There are many benefits that annuities provide for investors, including tax savings, predicable income growth, and flexibility to roll over into other accounts. If you have an annuity or several of them which were first offered from your employer you may be in the position where you need to switch providers. For example, let’s say you are changing jobs, or you simply would like to make a switch to an existing annuity provider to another for any reason, you can do so.
Let’s take a familiar example: You work for Company X who provides you the ability to contribute to your annuity through a particular company. You have decided to relocate and change jobs in a different state. Company Y offers you the opportunity to contribute to an annuity using yet another annuity company. There are certain benefits to switching. You may be able to continue contributing to your annuity and having it grow as you move further into your career and continue to receive the benefits of tax free growth.
The IRS rules allow you to make a switch, but you to do so there may be some things you have to do on your part so that at the end of the year, you can stay clear of the tax man. The first thing you want to make sure you do is not confuse your accounts by keeping a different account for those accounts you roll over. So if you were to switch providers, you would not simply divest the funds from the account and place them into new accounts with your provider. Think of it as keeping your pots separate even though you are moving into a different house. If you dump your funds in your pot into other pots that exist, this could lead to a bit of confusion when tax time comes. The confusion gets a bit worse if the money in the pot isn’t already tax deductable.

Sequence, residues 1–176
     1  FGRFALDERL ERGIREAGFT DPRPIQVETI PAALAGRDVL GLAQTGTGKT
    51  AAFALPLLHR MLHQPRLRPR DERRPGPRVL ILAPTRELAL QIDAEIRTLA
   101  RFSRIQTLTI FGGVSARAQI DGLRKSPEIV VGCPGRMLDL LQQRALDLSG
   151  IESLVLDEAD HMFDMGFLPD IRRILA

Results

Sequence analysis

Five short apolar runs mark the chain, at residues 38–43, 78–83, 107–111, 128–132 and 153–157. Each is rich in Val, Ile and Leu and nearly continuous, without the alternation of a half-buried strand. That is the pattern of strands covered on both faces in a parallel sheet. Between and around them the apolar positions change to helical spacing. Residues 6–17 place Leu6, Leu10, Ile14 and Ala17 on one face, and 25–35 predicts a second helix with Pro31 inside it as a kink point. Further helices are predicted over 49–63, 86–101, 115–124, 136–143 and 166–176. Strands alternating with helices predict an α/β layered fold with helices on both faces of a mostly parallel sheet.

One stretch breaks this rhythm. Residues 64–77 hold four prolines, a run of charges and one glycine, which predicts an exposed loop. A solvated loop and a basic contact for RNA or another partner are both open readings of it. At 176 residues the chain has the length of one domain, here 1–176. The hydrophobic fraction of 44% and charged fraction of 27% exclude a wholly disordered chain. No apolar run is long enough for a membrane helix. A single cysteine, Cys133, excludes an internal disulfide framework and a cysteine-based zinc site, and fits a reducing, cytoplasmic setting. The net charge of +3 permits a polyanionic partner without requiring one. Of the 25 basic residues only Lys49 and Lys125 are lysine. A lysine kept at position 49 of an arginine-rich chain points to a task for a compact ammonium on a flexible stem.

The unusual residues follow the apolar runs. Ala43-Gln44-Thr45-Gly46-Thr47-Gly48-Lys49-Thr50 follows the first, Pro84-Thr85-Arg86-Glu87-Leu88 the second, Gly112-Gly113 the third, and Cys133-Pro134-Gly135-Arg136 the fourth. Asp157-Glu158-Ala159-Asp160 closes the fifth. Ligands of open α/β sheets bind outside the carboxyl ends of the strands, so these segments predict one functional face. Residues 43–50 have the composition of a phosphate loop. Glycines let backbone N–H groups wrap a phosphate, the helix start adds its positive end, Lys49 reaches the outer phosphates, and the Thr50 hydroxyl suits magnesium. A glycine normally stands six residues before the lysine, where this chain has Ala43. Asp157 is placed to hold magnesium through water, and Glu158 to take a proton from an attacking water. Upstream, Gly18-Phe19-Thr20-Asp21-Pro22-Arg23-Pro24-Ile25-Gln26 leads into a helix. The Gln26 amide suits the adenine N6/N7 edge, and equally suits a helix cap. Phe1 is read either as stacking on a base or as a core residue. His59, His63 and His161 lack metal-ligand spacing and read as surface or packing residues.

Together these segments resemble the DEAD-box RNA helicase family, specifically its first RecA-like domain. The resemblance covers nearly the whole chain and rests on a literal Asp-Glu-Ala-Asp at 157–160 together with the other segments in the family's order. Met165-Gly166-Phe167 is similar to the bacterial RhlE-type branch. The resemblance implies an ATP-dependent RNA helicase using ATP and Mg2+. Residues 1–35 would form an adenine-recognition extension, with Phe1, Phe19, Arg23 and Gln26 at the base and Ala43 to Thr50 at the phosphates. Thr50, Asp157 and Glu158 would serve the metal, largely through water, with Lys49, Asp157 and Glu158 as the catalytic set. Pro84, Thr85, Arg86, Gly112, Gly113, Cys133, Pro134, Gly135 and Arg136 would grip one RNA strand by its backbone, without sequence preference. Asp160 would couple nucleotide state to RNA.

The next thing you want to be sure of is that you directly roll it over from one annuity provider to the next. Taking the money out of the pot and holding it in your pocket – even for a moment, could land you a nice penalty with the tax man. Instead, contact your annuity customer service tell them what you are planning to do and which company you are planning to switch to. They will have you sign some paperwork and should take care of everything for you. Doing directly this way allows you to avoid any penalties.
There are other types of roll over or exchanges that can occur on non-qualified annuities that you can take into rolling it over into another “non-qualified” annuity. These 1035 (IRS code) exchanges allow you to make the change and preserve your tax benefits. Again, you want to move your funds within these annuities from one company to the next directly – without you ever coming in the middle. This will provide you the ability to not pay taxes on the early withdrawal. Before continuing with a rollover, look up the latest fixed annuity rates to make sure you getting the best deal.
In addition the IRS rules allow you to exchange or rollover different types of annuities as you make the change. For example, let’s say you are with company X and have fixed annuities and moving to Company Y where you would like to switch to variable annuities.
Rolling over your annuities can be done easily and with careful planning does not have to incur a tax obligation, early withdrawal penalties, and high transfer fees.